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White paper H-QoS & -Shaping

H-QoS & -Shaping

Bandwidth Performance Optimization
With the rise of cloud computing, mobile small cell deployments and prioritized content
delivery networks for web applications comes increased interconnect of performancesensitive services over large-scale service provider networks.
Data center connectivity is one example, where application, database, storage and
desktop hosting make low-latency, high-throughput connections between enterprises
and the data center a must.
Mobile backhaul is another, with increased end-points moving closer to customers with
small cell deployments, Alternate Access Vendors (AAVs) providing last-mile
connectivity to mobile operators are increasingly using a wide range of broadband
technology where bandwidth is more constrained, and performance is not as easily
assured without bandwidth optimization methods employed.
Providers offering off-net services have long understood the value of traffic
conditioning, shaping and flow prioritization as they strive to deliver the best possible
quality of service (QoS) to end-customers over wholesale infrastructure. In these
applications the goal is to make best use of finite bandwidth, optimizing latency and
availability to meet service level agreements (SLAs) that often include multiple service
With Hierarchical QoS (H-QoS) and high-performance traffic shaping assuring off-net
services, these same operators are now deploying this technology on-net as a service
differentiator. First-movers in this area have grown significant market share in the
business services market by shaping customer traffic into their pipes. H-QoS
optimizes the interface between their access links and the customer network to
considerably outperform competitive offerings.
Likewise, enterprises who take shaping into their own hands can achieve the same
benefits without relying on the operator to understand their own application and
performance priorities, allowing them to use any provider for connectivity with optimal
results that reflect their IT and business objectives.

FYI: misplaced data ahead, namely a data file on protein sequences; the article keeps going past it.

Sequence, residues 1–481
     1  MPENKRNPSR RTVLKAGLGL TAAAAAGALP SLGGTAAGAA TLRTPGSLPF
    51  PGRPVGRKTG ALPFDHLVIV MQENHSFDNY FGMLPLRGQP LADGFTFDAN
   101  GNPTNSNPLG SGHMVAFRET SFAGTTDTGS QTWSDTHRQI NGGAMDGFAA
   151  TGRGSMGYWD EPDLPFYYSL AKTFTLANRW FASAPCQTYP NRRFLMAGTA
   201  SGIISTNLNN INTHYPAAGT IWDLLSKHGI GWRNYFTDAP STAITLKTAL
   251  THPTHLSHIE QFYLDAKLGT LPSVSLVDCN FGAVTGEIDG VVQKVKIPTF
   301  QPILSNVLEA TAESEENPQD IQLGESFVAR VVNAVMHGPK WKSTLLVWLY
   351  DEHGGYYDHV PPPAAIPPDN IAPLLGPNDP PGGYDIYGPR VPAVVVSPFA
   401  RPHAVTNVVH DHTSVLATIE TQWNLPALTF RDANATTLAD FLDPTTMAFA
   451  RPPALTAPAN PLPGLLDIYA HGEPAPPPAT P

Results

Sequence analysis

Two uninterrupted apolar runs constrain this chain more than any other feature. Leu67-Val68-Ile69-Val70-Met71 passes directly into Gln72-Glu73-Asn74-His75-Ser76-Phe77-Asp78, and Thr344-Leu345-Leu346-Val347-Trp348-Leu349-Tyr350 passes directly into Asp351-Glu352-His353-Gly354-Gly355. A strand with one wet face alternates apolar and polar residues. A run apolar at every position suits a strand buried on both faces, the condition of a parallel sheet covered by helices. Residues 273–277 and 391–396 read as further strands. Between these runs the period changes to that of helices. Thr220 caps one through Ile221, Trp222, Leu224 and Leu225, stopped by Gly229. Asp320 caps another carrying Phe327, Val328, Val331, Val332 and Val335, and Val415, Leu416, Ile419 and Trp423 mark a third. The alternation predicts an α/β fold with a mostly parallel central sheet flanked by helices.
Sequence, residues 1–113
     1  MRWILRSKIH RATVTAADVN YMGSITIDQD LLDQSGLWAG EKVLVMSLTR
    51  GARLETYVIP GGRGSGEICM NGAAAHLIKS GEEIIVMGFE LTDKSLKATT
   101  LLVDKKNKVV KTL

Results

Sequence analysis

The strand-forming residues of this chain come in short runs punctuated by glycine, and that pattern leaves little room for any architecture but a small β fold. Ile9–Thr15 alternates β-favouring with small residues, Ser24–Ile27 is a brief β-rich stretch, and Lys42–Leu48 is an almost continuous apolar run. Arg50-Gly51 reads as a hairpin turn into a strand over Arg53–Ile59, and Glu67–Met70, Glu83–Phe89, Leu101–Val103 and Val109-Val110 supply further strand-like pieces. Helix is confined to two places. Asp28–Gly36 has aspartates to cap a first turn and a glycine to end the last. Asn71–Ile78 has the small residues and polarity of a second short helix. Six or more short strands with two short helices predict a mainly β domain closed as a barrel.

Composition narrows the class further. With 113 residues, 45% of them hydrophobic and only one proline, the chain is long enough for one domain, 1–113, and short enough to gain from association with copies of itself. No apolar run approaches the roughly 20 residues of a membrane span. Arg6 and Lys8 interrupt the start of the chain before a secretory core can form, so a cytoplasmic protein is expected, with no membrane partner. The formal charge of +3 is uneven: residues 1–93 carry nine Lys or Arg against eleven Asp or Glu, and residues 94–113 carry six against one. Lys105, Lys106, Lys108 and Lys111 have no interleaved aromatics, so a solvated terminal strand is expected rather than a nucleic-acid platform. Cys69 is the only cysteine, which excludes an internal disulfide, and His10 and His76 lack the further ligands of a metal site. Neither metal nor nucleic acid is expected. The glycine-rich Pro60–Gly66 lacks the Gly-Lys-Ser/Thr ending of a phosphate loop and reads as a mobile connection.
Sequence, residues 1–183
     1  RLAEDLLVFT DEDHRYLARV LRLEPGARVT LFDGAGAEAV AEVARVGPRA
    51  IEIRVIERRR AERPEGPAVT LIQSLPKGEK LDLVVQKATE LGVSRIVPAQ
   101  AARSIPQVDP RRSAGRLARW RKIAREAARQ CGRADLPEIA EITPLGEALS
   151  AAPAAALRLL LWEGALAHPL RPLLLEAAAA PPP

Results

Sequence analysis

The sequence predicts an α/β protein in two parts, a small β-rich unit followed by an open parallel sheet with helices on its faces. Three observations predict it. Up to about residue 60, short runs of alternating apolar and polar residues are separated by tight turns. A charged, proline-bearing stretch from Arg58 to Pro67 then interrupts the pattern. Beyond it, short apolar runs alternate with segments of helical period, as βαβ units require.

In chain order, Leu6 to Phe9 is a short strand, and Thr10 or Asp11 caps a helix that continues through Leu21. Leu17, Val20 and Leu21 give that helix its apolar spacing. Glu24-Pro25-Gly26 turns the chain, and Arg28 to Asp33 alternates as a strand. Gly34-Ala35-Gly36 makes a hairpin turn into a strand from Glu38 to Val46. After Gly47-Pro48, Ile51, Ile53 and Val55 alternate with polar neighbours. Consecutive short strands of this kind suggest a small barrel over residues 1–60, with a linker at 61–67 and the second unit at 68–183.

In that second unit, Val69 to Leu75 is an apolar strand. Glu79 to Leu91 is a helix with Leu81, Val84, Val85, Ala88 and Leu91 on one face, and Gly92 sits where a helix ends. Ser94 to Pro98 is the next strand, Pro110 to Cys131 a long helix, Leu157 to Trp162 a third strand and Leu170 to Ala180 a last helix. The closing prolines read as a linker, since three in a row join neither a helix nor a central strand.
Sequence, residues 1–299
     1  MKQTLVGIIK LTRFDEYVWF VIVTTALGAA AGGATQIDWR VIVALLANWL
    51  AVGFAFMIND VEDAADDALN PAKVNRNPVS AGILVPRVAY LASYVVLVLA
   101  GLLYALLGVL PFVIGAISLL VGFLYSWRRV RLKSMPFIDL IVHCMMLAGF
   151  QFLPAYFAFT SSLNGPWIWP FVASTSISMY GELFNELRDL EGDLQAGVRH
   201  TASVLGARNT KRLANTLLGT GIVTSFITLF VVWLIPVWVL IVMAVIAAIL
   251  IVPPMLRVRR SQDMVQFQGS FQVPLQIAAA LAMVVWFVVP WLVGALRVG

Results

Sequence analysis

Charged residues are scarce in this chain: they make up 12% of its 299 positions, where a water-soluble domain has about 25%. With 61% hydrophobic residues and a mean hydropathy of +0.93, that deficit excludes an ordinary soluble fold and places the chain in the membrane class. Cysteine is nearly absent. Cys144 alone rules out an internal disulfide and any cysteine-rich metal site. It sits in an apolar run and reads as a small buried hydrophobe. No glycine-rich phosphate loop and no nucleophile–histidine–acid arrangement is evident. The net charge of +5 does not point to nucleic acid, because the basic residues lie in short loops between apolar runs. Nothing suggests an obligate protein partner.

May 2014

H-QoS Traffic Conditioning

Hierarchical bandwidth policing (or regulation), combined with advanced -shaping
techniques, establish and enforce per-flow QoS at the service edge. Typically
employed in the uplink direction on last-mile connections, this same approach can be
applied bi-directionally at network-to-network interfaces (NNI) - anywhere a change in
link bandwidth is experienced and traffic needs to be right-sized into a more
constricted service.

Simple Bandwidth Policing: Crushing the Edge

Crushing the Edge: Policing

Metro Ethernet Forum (MEF) Carrier Ethernet services must conform to a bandwidth
profile with a Committed Information Rate (CIR, guaranteed bandwidth), and in some
cases an Excess Information Rate (EIR, best effort bandwidth). These bandwidth
envelopes are normally policed at the service edge using regulators: any traffic
exceeding these predetermined thresholds is dropped, resulting in random packet
discard that has no preference to low or high priority traffic. This crush the edge
technique is effective in preventing bursts of client traffic from entering the providers
network, and is easy to implement.

However, this technique has serious repercussions on the client traffic, especially if
customer traffic is not being prioritized into the provisioned bandwidth profile. Any
mismatch between this mapping process results in excessive packet loss,
accompanied by increased retransmission, latency and most importantly, inability to fill
the pipe. Utilization can be constricted to 20% of usable bandwidth in many cases,
and well explore why.

H-QoS & -Shaping May 2014

Hierarchical Bandwidth Optimization

Hierarchical QoS, as specified in the MEF 10.3 standard, is a traffic conditioning
method which respects a prioritized flows right of way, while allowing lower-priority
flows to effectively use leftover bandwidth from higher-priority flows to increase overall
multi-service performance. Hierarchical Bandwidth Policing (H-BWP) is the evolution of
crushing the edge; ensuring highest priority packets transmission is assured by tiered
scheduling. As a policing mechanism, this process is conducted at wire-speed without
store-and-forward queuing delays.

Ultra-fast -Shaping can be applied along with H-BWP to maximize link utilization and
greatly reduce packet discard without adding delay to latency-sensitive flows. By
queuing and scheduling lower-priority flows into unused bandwidth with packet-bypacket granularity, service flows can approach 100% utilization of available capacity,
smoothing out bursty traffic and ensuring faster end-to-end packet delivery.
This cost-effective, single-ended optimization method is the most efficient approach to
bandwidth performance optimization - no complex configuration is required, and flow
prioritization can be easily tuned to a particular clients service mix.

-Shaping in Action
The results of H-QoS and -shaping are dramatic. The mismatch customers often
experience between provisioned bandwidth and speed test results can be eliminated
with properly implemented H-QoS and -shaping at the service edge.
Tests with and without -shaping on Internet connections of 15 and 30 Mbps show a